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When David Beckham arrived in Los Angeles back in 2007 his presence changed the complexion of Major League Soccer for all the right reasons, and the perception of the growing league changed.

[ MORE: Go behind the scenes at NYCFC’s new training facility ]

Over the years, MLS has strived to move into the upper-echelon of the global game, in an attempt to compete with the likes of the Premier League, Bundesliga and La Liga, but naysayers still indicate to this day that the United States’ top flight lacks the quality of the aforementioned.

Phrases like “retirement league” and “uninspired” have been used to describe MLS in the past, particularly when it comes to the league’s willingness to spend boatloads of cash on notable players well past their prime.

Examples such as Andrea Pirlo, Steven Gerrard and Rafael Marquez have at times dampened the perception of MLS due to the lack of quality on the pitch from those players, along with several others that had previously boasted extensive resumes.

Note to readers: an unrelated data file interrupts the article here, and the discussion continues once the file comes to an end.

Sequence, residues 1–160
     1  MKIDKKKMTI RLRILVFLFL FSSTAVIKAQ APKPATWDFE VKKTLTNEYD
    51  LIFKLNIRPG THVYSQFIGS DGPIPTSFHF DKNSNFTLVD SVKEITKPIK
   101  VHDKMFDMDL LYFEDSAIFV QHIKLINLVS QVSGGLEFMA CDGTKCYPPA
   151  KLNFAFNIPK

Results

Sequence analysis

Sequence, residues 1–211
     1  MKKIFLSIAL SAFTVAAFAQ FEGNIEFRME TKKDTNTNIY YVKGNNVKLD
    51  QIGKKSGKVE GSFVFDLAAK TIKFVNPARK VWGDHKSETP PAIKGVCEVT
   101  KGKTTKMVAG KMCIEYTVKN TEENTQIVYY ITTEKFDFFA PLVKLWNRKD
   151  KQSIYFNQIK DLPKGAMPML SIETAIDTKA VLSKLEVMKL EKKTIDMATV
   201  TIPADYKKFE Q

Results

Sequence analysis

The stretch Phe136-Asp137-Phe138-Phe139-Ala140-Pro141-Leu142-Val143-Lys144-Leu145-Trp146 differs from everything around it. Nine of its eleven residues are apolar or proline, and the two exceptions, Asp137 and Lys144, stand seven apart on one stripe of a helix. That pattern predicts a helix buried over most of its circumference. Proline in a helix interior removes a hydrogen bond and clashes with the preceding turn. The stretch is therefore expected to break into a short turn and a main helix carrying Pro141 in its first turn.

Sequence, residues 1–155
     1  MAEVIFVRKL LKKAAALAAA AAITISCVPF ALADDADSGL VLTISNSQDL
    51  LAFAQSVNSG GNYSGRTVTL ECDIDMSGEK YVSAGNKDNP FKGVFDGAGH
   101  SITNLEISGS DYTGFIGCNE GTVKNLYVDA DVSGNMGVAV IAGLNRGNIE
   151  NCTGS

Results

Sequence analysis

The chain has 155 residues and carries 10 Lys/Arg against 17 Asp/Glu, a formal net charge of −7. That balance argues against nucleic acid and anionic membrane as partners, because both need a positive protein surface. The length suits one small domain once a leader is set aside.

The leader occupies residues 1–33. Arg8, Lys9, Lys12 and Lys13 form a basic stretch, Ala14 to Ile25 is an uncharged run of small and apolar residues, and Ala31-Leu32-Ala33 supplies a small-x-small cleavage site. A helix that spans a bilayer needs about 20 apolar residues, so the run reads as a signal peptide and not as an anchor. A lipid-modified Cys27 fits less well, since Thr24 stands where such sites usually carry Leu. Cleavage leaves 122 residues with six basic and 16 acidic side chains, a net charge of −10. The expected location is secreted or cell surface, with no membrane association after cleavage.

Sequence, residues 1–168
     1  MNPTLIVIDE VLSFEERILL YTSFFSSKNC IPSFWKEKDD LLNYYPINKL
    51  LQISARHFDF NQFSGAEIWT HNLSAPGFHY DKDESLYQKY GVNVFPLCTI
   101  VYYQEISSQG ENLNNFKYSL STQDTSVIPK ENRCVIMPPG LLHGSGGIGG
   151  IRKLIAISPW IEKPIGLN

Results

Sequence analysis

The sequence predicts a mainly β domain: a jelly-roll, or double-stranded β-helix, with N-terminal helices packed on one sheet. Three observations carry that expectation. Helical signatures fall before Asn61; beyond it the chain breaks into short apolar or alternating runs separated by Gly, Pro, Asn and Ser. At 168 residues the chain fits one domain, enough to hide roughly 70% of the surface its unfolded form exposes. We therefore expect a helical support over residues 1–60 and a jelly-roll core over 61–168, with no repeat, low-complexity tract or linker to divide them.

Now, we’re at a time where MLS has picked up its scouting, with clubs focused more on younger, more skilled talents from South America and Europe.

That has led to major signings over the past several years, such as Ezequiel Barco, Miguel Almiron, Diego Rossi and Jesus Medina, to name a few.

Has that changed the overall complexion of MLS though?

On Thursday, Kevin De Bruyne‘s agent, Patrick de Koster, suggested in an interview that the Belgium international would likely “finish” his career in MLS.

“For now, he’s very happy at this club,” De Koster said. “We always look what the best solution for the player, both financially and football wise. Kevin’s future? I can see him finish at Los Angeles.”

This comes on the heels of a 36-year-old Zlatan Ibrahimovic joining the LA Galaxy in a move that has sent shockwaves across the league and the world because of the Swede’s great presence on a global scale.